Johnson and Hunt urged to back five rural pledges

The UK's next Prime Minister has been urged to make a 'public commitment' to rural voters
The UK's next Prime Minister has been urged to make a 'public commitment' to rural voters

Boris Johnson and Jeremy Hunt have been asked to back five pledges to help boost the UK's rural economy.

The Country Land and Business Association (CLA) has written to both candidates asking them to back the pledges.

Any future Prime Minister must recognise the particular needs of communities and businesses in the countryside, the rural group said.

Tim Breitmeyer, CLA President, highlighted how a ‘one-size fits all’ approach to rural policymaking cannot continue.

“By backing these five pledges, the next Prime Minister – whoever it will be – is making a very public commitment to ensuring the particular needs of the countryside are both recognised and met,” he said.

It comes as rural communities demand major change from the next Prime Minister as a new survey paints a sense of deep frustration with Brexit and general countryside issues.

The survey of over 3,000 people based in rural areas found that only 8.5% of people think that life in the countryside has improved in the last 5 years.

Long-term funding

The first pledge by the CLA calls for Mr Johnson and Mr Hunt to introduce a long-term funding settlement for agriculture, forestry and the environment.

Current funding commitments expire at the end of this parliament with no guarantee that sufficient funds will be made available.

This comes as the Conservative Party hopes to deliver its ambitious environmental agenda whilst also helping the industry transition away from the Common Agricultural Policy.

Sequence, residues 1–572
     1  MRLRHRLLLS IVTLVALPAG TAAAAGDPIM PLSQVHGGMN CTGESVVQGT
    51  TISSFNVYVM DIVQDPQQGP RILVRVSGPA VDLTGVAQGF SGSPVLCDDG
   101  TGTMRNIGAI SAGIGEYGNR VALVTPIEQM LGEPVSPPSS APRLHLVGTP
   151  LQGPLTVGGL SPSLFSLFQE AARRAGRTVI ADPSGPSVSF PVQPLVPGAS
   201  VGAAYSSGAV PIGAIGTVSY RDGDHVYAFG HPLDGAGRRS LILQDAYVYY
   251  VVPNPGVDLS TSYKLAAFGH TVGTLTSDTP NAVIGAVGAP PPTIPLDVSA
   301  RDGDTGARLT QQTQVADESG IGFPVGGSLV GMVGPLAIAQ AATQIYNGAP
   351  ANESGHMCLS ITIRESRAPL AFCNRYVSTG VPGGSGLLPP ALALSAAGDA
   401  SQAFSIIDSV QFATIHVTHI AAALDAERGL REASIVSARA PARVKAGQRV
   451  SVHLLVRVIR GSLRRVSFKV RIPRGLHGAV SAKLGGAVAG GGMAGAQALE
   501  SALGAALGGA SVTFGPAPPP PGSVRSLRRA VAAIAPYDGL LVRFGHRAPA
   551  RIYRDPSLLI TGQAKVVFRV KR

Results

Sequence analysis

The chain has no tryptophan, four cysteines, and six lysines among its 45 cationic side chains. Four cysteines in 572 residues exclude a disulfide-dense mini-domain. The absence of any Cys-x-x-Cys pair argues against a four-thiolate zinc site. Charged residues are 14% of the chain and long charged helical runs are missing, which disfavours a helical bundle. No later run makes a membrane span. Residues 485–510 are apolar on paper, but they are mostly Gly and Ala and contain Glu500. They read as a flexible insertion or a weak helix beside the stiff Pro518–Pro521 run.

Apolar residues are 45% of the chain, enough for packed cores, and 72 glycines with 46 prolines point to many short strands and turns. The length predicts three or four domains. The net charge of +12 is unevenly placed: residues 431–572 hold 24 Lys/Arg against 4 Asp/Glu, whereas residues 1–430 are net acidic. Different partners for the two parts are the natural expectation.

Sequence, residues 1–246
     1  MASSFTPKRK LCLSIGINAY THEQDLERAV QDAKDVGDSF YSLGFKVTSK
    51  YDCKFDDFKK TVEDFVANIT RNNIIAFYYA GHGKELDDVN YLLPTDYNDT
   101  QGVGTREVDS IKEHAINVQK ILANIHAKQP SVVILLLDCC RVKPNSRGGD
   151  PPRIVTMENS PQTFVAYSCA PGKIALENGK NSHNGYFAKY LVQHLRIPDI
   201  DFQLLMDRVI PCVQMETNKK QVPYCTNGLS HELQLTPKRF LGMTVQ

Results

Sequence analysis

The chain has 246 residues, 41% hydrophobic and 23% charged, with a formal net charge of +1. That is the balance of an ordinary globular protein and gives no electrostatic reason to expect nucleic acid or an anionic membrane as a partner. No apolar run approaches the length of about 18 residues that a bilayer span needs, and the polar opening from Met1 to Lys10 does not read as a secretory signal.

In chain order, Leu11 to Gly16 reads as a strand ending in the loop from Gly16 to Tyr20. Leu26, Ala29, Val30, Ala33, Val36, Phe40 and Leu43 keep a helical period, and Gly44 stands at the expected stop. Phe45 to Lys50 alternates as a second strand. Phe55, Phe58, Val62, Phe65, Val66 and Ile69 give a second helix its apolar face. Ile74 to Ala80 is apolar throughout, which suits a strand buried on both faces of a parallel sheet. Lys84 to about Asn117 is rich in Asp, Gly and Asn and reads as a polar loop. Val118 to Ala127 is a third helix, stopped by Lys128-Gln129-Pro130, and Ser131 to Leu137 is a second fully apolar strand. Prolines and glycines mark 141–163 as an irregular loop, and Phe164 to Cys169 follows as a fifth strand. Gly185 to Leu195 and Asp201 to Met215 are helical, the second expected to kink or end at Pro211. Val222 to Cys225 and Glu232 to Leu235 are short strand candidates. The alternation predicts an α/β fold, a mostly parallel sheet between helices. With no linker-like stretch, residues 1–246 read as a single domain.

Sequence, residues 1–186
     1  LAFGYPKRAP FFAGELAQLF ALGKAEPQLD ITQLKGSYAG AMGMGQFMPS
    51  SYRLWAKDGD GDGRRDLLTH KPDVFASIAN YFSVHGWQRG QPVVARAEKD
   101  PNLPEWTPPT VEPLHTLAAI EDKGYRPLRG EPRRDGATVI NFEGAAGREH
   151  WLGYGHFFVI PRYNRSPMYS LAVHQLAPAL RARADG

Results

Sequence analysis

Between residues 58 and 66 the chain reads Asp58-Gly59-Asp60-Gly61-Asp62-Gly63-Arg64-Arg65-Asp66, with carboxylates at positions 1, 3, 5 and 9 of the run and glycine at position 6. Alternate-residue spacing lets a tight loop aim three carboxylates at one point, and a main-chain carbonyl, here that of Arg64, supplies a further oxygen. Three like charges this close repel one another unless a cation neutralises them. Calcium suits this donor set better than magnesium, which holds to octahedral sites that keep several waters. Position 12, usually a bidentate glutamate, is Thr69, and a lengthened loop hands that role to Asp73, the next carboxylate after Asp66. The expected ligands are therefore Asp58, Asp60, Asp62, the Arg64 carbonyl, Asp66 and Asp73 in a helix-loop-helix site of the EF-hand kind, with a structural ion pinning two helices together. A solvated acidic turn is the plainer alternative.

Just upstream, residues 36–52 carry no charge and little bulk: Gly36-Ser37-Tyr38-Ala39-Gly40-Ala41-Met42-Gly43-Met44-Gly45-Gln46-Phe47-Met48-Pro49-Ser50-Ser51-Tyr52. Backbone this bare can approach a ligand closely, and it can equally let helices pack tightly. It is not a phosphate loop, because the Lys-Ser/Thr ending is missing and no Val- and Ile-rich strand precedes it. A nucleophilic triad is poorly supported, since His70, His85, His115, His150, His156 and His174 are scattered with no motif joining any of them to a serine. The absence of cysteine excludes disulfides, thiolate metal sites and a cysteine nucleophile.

This lack of certainty is stifling investment as businesses wait and see what will happen next, the CLA said.

Don't lower UK food standards

Both candidates have also been encouraged to commit to prohibiting food products produced to lower environmental and animal welfare standards from coming into the UK.

It comes as farmers warn that the government that the UK must export its high standards and not accept lower standards from elsewhere.

For example, the industry fears that allowing the import of products such as chlorinated chicken will undermine farmers who will be unable to compete against these cheaper low standard imports.

Lagging broadband

The CLA said rural areas have lagged behind towns and cities with their broadband and mobile connectivity for years.

It has called for both candidates to implement steps such as legally binding mobile targets and public investment.

This could help ensure the rural economy maximise the connectivity opportunities taken for granted in many urban areas.

Rural housing delivery

Another pledge notes how landowners must be at the heart of rural housing delivery.

The CLA has called for changes to the tax system through, for example, providing tax incentives to aid affordable housing delivery.

This, alongside providing greater certainty via the planning system at an earlier stage, could encourage land to be brought forward quickly for housing.

Taxation system for rural businesses

Finally, the rural group has urged Mr Johnson and Mr Hunt to create a taxation system which works for rural businesses.

Many rural businesses have multiple elements, all of which are taxed differently despite forming part of a single business.

Creating a single rural business unit to allow all these elements to be taxed as a single entity would help reduce administration and better reflect the reality of these businesses, the CLA said.